Fortunately, my pistachios were a lovely green so I didn’t need to add any food colouring. It’s all-natural!

Super creamy and full of pistachio flavour.

Pistachio Gelato

Makes about 750 mL gelato

For the original recipe, please click here.

Ingredients:

  • 250 mL 2% milk
  • 250 mL 35% cream
  • 65 g sugar
  • 16 g cornstarch
  • 10 g skim milk powder
  • ~200 g pistachio butter (see Notes)
  • a few drops of orange extract

Directions:

  1. Begin by mixing the milk and cream together. Reserve 65 mL of the milk mixture and make a slurry with the cornstarch, mixing until the starch is dissolved and the mixture is smooth.
  2. Combine remainder of the milk in a medium-sized saucepan with the sugar and the milk powder and heat slowly until it almost comes to a boil making sure the sugar and milk powder have completely dissolved.
  3. Stir in the cornstarch slurry and continue to cook on medium-low heat for 3 minutes, stirring continuously until thickened.
  4. Remove the pan from the heat and transfer the cream to a bowl to chill overnight in the refrigerator.
  5. The day you wish to make the gelato, beat in the pistachio butter and a few drops of the orange extract.
  6. Freeze the gelato according to directions on your ice cream maker.

Notes:

  1. David Lebovitz suggests using Bronte Crema di Pistacchio which is made in Sicily. I was not able to source it so I made my own pistachio butter with 200 g of shelled pistachios with small amounts of water, a small dash of lemon juice and a pinch of salt, puréed until smooth using my Magic Bullet. You will need to scrape down the sides many times through the process.
  2. Next time I make this recipe, I will lightly toast the pistachios.

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Several of our friends have July birthdays, as do I. We were invited to brunch (outdoors, of course) in early July and I offered to bake the birthday cake. This particular friend is not a traditional cake lover, no super-sweet icing or frosting for this guy, so I decided to find a nice European cake recipe with fruit, because they are always a hit!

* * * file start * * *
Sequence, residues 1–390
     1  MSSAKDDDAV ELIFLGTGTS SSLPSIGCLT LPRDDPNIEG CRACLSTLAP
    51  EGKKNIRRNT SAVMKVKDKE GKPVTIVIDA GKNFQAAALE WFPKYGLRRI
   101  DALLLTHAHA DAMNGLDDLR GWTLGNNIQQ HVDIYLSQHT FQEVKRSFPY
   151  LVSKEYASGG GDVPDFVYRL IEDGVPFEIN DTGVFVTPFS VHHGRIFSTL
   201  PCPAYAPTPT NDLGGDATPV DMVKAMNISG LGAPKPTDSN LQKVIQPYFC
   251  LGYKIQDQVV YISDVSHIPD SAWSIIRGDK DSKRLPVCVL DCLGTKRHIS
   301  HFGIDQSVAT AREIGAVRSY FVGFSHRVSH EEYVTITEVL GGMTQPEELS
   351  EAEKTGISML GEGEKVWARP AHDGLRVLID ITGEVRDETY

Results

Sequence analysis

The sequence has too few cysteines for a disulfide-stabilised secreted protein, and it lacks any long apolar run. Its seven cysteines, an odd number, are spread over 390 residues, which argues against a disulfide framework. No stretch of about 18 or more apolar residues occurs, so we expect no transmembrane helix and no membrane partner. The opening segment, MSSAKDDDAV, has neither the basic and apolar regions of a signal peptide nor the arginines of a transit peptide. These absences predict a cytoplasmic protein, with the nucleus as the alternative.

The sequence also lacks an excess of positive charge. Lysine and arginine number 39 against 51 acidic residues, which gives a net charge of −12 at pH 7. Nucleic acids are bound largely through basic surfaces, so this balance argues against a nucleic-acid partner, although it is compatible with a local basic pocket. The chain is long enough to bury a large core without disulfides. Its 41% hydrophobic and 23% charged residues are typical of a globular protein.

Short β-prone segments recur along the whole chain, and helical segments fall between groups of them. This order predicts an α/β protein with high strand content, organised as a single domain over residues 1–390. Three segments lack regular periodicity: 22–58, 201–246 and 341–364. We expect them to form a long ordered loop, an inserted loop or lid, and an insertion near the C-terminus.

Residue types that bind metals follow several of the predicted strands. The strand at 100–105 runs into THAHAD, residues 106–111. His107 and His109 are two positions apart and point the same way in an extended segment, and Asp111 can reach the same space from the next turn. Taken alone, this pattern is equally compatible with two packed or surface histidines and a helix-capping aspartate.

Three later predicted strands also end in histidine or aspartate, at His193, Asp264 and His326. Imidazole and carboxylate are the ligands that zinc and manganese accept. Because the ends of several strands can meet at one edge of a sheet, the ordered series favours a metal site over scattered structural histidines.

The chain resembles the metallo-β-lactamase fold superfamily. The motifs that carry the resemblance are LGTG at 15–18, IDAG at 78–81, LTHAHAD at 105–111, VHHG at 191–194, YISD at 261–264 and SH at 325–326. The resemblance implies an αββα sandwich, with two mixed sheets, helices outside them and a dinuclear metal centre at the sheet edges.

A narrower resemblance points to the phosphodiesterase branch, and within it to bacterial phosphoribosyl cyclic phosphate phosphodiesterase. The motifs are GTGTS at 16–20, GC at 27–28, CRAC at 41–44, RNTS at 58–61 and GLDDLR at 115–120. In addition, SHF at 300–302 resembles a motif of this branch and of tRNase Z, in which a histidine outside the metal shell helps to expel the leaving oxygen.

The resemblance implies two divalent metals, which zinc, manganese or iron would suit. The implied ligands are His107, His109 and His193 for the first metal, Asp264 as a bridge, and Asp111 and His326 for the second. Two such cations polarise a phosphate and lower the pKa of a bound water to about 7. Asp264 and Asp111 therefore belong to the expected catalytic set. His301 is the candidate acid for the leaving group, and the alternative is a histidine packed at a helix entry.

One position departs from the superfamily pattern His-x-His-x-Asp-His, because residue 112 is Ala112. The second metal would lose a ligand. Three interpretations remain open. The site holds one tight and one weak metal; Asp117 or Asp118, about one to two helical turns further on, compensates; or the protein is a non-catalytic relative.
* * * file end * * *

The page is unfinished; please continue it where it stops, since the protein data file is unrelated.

This French Apple cake is made with rum and butter and is so delectable and moist, even though it has only 1 apple! I will definitely make this cake again for the non-cake lovers!

Super moist cake with little bits of apple and the lovely flavour of buttered rum.

French Apple Cake

For the original recipe, please click here. Note that I converted the recipe to metric measures and modified it a bit.

Makes 1 23 cm (9-inch) cake

Ingredients:

  • 114 g unsalted butter, at room temperature
  • 130 g granulated sugar
  • 5 mL vanilla extract
  • 45 mL dark rum
  • 15 mL milk
  • 2 large eggs
  • Zest of one lemon
  • 140 g AP flour
  • 3 g baking powder
  • 3 g salt
  • 150 g baking apple, peeled, cored and cut into 1 cm cubes
  • Sanding sugar

Directions:

  1. Preheat the oven to 350° F. Prepare a 23 cm (9 inch) round pan by lining the bottom with parchment and buttering the sides.